The young democracies in East-Central and Southeast Europe have been particularly susceptible to the wave of populist, anti-establishment and extremist political forces that now challenge liberal democracy across the globe. These challengers claim to represent the opinion of the ordinary people against a political establishment that is portrayed as corrupt, elitist and controlled by foreign interests. Their polarizing and anti-pluralist ideological stances have contributed to a more confrontational political competition. Several countries have also seen “democratic backsliding”, an erosion of the institutions and mechanisms that constrain and scrutinize the exercise of executive authority. Illiberal policies have targeted opposition parties, parliaments, independent public watchdog institutions, judiciaries, local and regional self-government, mass media, civil society organizations, private business and minority communities. Incumbent elites have justified these policies as measures to strengthen popular democracy and to fulfill the promises of the post-1989 democratic transitions.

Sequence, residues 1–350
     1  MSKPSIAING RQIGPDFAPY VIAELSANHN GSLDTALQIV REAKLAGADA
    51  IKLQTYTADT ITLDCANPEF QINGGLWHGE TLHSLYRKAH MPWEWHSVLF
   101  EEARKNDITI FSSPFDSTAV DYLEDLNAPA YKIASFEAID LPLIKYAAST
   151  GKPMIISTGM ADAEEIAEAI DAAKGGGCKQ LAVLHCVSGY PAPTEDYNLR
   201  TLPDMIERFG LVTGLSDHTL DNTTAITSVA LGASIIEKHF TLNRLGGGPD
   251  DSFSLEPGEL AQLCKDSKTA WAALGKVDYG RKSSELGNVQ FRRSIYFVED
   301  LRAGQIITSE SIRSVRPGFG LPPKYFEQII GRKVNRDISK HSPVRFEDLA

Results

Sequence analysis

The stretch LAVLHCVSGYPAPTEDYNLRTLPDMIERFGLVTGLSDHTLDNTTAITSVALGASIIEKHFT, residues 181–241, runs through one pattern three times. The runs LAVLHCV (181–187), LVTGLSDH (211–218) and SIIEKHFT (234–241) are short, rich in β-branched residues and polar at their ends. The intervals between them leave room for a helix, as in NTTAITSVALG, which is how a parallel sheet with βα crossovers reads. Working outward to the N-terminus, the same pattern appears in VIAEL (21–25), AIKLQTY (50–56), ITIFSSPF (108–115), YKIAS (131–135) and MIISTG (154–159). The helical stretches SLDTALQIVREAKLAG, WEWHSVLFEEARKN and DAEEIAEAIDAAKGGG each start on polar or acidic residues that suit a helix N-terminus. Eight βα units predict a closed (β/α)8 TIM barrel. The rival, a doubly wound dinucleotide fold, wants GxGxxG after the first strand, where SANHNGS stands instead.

The legitimatory references to popular democracy, the incremental nature of institutional change and the embeddedness of governmental actors suggest an analytic approach that places instances of democratic backsliding into a broader theoretical context. Such a framework should specify criteria of democratic quality that allow to assess legitimatory claims and to analyze how the incremental manipulation of interlocking democratic institutions affects democracy as a whole.
This chapter sets out such a conceptual framework based on democratic theory and the scholarly debate about the quality of democracy. The insights from this debate are applied to identify attributes of democratic quality that are then employed to structure the empirical analysis. Key attributes include public accountability, government responsiveness, and policy performance. The chapter maps selected developments in 17 CEE countries with regard to these three attributes.